I might have missed the Flood of 1927, but I was here in 2011 and heard the boulders screaming as they scratched against each other as they flew down the mountain. I heard the Roaring Brook roar with all its might as it catapulted itself down the mountain. I saw the water turn backward under Ravine Road only to have the culvert collapse 20 minutes later. I scrolled, for hours, desperately striving to make connections with family and friends throughout the region I watched, through photos, as friends were rescued from their homes before they floated away. And I sat through the night, filled with fear, as we waited for more damage to come.
I saw a base lodge collapse upon itself. I saw where roads ended and only the guard rails remained, hanging in the air. I saw roads vanish into thin air, large chunks of pavement being pushed downstream as the roads themselves buckled and collapsed. And not just some roads, almost all of them, to the point where Killington and Pittsfield and so many others became an island unto themselves.
But I also saw greatness.
Vermonters came out of everywhere to begin the healing, even before the damage had stopped. Excavators and dump trucks seemed to emerge out of nowhere, lifting the mud from the roads and attempting to rebuild that which Irene had destroyed. An elderly man with his little Kubota was quietly and diligently putting his dirt road back together without complaint, only asking for more gasoline and some Dr. Pepper.
The emergency shelter was filled with so many people offering their assistance, that it seemed as if we had more helpers than those needing help.
Pittsfield had a daycare on their village green so the grownups could go work while the hunters emptied their rapidly defrosting coolers for a community barbecue. In the face of horror, we saw the true heart of Vermonters coming together.
There are barely 650,000 of us living in Vermont, which makes us more like one large city. On the scale of things, we are a wee bit smaller than Boston and a bit larger than Nashville. That means we often operate as one large community rather than the 256 municipalities that make up our great state. And on Monday, as we watched our world being destroyed by water, it felt that way.
I shared a photo of flooding in Ludlow, only to have a friend of mine tell me that was his daughter’s house. I saw a photo of the Woodstock Farmer’s Market, where I worked for several years, under water again. I saw another friend posting photos from her, thankfully, upper level apartment in Montpelier. Another friend shared her images from Richmond and I’m still anxious for one of my besties that lives in Plymouth.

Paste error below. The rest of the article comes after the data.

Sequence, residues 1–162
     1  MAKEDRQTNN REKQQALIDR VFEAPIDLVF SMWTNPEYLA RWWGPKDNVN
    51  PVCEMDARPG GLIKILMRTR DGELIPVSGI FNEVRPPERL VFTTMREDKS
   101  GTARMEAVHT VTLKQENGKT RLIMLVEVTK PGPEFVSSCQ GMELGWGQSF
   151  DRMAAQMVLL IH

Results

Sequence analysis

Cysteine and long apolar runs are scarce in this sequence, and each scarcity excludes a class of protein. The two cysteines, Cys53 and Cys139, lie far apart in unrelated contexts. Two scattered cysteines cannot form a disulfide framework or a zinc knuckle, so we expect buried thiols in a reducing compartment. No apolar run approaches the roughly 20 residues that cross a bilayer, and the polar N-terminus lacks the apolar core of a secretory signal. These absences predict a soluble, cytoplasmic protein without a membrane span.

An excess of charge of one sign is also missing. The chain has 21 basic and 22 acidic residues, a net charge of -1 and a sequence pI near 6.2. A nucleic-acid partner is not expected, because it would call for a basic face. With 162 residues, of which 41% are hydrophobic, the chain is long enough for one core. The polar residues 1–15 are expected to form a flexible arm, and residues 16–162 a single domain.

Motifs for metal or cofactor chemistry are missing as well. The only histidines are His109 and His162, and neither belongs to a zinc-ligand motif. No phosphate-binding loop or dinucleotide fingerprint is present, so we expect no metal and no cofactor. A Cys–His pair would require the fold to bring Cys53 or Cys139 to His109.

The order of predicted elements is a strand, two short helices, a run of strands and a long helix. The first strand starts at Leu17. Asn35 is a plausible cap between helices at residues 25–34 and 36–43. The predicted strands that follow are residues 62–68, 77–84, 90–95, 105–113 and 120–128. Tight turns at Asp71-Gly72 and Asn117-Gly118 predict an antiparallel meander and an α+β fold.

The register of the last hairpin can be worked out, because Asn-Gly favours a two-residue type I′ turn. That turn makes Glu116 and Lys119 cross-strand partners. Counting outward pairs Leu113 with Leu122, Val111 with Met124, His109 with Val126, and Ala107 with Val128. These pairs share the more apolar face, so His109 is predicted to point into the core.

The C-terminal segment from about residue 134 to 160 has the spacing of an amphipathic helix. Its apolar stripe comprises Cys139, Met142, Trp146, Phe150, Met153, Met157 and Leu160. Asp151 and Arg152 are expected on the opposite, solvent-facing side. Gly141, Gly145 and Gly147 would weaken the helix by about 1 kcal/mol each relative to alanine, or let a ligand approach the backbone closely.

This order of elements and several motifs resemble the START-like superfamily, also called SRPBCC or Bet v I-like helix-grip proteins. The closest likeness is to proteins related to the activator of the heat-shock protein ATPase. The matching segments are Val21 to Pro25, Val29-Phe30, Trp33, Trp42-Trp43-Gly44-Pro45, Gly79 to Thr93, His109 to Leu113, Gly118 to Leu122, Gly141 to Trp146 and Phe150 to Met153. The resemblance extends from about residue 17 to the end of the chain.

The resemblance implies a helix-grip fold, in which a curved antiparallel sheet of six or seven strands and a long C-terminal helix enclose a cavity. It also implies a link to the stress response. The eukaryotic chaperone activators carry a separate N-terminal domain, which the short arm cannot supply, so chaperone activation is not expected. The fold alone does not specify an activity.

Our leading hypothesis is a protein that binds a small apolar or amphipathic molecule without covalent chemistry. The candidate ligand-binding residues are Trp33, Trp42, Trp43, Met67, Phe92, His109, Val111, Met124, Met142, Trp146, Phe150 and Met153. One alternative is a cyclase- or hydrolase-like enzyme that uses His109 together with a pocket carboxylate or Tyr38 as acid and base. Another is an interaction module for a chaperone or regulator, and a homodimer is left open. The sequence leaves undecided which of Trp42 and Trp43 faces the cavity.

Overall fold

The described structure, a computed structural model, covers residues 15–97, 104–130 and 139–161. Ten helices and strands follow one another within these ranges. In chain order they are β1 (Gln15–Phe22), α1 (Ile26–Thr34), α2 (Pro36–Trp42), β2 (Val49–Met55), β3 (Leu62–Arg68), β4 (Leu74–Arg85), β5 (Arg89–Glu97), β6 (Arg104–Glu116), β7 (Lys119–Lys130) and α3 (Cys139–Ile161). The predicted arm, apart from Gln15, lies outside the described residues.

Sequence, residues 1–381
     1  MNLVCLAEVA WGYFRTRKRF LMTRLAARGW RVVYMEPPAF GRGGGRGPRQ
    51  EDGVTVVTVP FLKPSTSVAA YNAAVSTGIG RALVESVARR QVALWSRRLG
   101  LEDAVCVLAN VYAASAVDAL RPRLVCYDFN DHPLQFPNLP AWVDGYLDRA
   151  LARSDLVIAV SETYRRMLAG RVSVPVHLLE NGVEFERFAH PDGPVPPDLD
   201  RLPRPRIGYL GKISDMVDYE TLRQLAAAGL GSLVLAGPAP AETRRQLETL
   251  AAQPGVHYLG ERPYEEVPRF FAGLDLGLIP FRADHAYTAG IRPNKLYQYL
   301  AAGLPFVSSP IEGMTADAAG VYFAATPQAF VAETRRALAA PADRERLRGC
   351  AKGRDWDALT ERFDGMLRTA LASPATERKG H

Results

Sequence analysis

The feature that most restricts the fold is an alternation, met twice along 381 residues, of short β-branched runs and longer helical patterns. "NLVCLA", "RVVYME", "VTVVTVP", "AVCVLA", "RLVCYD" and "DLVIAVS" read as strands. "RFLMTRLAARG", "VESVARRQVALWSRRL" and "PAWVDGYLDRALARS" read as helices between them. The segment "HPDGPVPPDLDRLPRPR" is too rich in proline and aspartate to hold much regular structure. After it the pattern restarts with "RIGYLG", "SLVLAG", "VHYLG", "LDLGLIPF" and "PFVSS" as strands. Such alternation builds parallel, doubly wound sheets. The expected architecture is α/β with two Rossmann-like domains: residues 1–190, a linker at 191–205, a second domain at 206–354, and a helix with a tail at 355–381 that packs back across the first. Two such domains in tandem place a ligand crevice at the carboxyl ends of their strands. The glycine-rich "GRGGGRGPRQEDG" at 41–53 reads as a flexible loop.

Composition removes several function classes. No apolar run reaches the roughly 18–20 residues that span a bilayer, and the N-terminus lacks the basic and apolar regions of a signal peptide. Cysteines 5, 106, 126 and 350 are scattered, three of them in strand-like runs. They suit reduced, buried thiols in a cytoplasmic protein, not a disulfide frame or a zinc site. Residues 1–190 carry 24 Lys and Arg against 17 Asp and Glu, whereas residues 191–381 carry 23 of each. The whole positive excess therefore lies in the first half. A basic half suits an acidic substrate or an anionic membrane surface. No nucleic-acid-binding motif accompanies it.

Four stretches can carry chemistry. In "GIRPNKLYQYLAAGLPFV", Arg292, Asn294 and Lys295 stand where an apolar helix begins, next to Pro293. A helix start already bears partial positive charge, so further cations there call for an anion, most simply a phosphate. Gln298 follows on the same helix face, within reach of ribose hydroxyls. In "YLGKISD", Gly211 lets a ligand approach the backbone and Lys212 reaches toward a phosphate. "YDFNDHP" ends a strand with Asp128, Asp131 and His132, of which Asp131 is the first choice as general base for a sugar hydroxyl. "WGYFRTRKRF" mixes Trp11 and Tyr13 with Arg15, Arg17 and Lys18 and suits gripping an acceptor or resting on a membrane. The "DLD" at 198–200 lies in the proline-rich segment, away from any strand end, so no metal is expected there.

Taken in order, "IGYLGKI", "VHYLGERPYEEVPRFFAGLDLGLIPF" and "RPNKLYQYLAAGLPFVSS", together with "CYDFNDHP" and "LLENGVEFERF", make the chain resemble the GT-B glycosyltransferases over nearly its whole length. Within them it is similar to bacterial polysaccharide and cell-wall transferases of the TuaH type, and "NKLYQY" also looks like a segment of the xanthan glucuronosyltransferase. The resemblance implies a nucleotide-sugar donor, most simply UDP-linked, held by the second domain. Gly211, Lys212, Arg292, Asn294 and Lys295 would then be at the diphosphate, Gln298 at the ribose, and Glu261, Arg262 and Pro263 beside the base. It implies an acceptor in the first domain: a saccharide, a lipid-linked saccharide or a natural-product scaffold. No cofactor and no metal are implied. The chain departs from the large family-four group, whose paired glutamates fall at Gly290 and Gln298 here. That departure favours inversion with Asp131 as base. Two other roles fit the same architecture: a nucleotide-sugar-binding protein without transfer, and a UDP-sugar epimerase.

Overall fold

My heart is breaking for my fellow Vermonters all around the state, especially the ones that are waiting anxious to learn if the Wrightsville Dam will protect them … or not. And we wait as a state, our hearts in our throats with bated breath, it hopes that our friends and neighbors around the state will stay safe as our anxiety climbs through the roof.
I could barely function on Monday, waiting to see if our new culverts would hold. Waiting to see if my mom would be okay in her home and if we would be okay in ours. Yes, there are times when I love the sound of rain hitting my standing seam roof, lulling me to a peaceful sleep. But not this week. Not since Friday, when East Mountain Road suffered the same exact damage as it had during Irene and over 15 feet deep of mud slid onto Route 4.
I haven’t been able to sleep, the sound of the water coming off the mountain behind my house overriding any thoughts I had. I feel like my heart is pounding out of my chest constantly, the Irene PTSD hitting a lot harder than I could ever have imagined. My phone hasn’t left my hand, as I am constantly in contact with friends for fear they would get swept away in the water, each of talking the other through our fears and anxiety.
Our home was miraculously unscathed and I cannot understand why. As the sky turns blue overhead on this morning after, there is a feeling of survivor’s guilt and a feeling that I should be out there doing more to help others. A feeling that I could do more, that I should do more.
And that, I think, is what best describes Vermonters: It’s how much we care for each other, not just the friends we know, but the neighbors that we don’t. We don’t wait until we’re asked, we just get out there and help. We rebuild and we do what needs to be done. Our governor walked the VAST trails through the woods to find an open road so he could get to the emergency response center.
That’s who we are. We are Vermont Strong, and nothing, not even this damn water is going to stop us from loving and caring for each other. In times of trouble, there is nowhere that I would rather be than surrounded by Vermonters.
Merisa Sherman is a long time Killington resident, bartender, real estate agent and KMS coach. She can be reached at email@example.com.